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The Living Bibliography of Animal Studies

As the field of animal studies continues to grow it is becoming more and more difficult to keep up with new publications. This is a particularly pressing problem given the interdisciplinary nature of the field. How can an individual with a specialism in literary studies, for example, hope to know what is cutting edge in animal geography when she is struggling to keep up with her own field? How can a newcomer know where to start when there are so many different ways in? The living bibliography is a forum that attempts to offer one way of addressing this problem.

LBAS is influenced by the JISC -funded ‘Living Books About Life’ series published by Open Humanities Press. Clare Birchall, Garry Hall and Joanna Zylinska who edited the series have written that ‘All the books … are themselves ‘living’, in the sense that they are open to ongoing collaborative processes of writing, editing, updating, remixing and commenting by readers’. The same active reading, amending, and adding are encouraged here.

The initial LBAS includes invited responses from a number of leading scholars in the field, from a range of disciplines. The bibliographies that they have written are suggestive: the opening gambit in what we hope will be an ongoing process. The scholar who compiled each list will be named, and we hope that this will continue. Selection of and comments on books and essays are useful in and of themselves, but it will be interesting, as well, to know who they came from.

The software will allow registered users to:

  • Comment on existing bibliographies;
  • Add to existing bibliographies – in terms of other references, or a new, more specialist subsection;
  • Link texts from one disciplinary bibliography to another to begin to show how works in the field of animal studies might be transcending the institutional enclaves we all work within;
  • Start up a new list – from an absent discipline or field, or from an area that will benefit from not being held within disciplinary boundaries. This might include, for example, work on pets; or on animals and postcolonialism.

As the bibliography grows and matures it is hoped that it will move from focusing on works that scholars have found particularly productive towards a fuller coverage of the field. Full coverage is not the immediate aim, but it is hoped that LBAS will provide a stepping off point for scholars new to the field, as well as a source of information and ideas for those more familiar. It might also offer evidence of the important scholarship that is emerging out of the study of human-animal relations, and will show how the field has developed and is developing; where new interests lie; what areas are declining. As such, LBAS might also help us to track what it is that animal studies has been, is, and might become.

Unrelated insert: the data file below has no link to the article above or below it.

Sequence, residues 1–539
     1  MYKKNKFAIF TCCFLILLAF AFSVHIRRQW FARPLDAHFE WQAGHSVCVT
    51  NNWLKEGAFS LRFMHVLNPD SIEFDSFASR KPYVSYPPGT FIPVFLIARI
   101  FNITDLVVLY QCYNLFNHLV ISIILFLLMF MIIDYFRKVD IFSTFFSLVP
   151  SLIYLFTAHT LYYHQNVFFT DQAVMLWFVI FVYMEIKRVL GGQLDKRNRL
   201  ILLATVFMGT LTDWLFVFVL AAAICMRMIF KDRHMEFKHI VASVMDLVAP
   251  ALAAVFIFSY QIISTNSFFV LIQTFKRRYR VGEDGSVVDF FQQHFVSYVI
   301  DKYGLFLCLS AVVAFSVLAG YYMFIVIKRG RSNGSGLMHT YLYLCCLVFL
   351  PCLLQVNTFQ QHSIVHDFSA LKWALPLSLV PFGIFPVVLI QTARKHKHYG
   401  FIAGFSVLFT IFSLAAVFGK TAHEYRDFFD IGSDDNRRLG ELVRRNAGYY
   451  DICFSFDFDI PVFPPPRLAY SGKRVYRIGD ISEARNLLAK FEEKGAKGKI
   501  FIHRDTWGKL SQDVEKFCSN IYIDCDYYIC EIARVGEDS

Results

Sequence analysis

As ever: politeness is key, and any and all offensive postings will be refused. So please be nice. Scholarly criticism can (and should) be done with tact.

Thanks to the following for constructing the initial bibliographies:

Steve Baker (Contemporary Art); Bruce Boehrer (Renaissance Studies); Brett Buchanan (Continental Philosophy); Henry Buller (Animal Geography); David Clough (Religious Studies and Theology); Susan Crane (Medieval Studies); Susan Curry (Classical Studies); Diana Donald (Art History); Monica Mattfeld (Eighteenth-Century Studies); Erica Fudge (Historical Studies); Robert Garner (Politics); Garry Marvin (Anthropology); Susan McHugh (Contemporary Literature); John Miller (Victorian Studies); Claire Molloy (Media Studies); Clare Palmer (Analytic Ethics); Annie Potts (Cultural Studies); Fiona Probyn-Rapsey (Gender Studies); Lourdes Orozco (Theatre Studies); Tom Tyler (Videogaming); Rhoda Wilkie (Sociology); Abigail Woods (Veterinary History);


Instructions on how to add references and comments to lists can be found here. Please read these carefully before attempting to add to the website.

To join the community of scholars on this website please click the 'log in' link at the top right of this page and complete the form. Once your request is processed you will receive an email confirming that access has been granted. When you receive this you will be able to login to the wiki and add your own bibliographical suggestions. This approval process is done by a human being rather than a computer so may take a little time. Please be patient. Please remember: all additions to the website must abide by the rules set out in the Instructions found here. Thanks.


Now, let it live …


The bibliography is funded by the Faculty of Humanities and Social Sciences, University of Strathclyde, and is linked to the British Animal Studies Network. It is, like BASN, under the direction of Erica Fudge, and was started as part of her AHRC Leadership Fellowship (2015-16).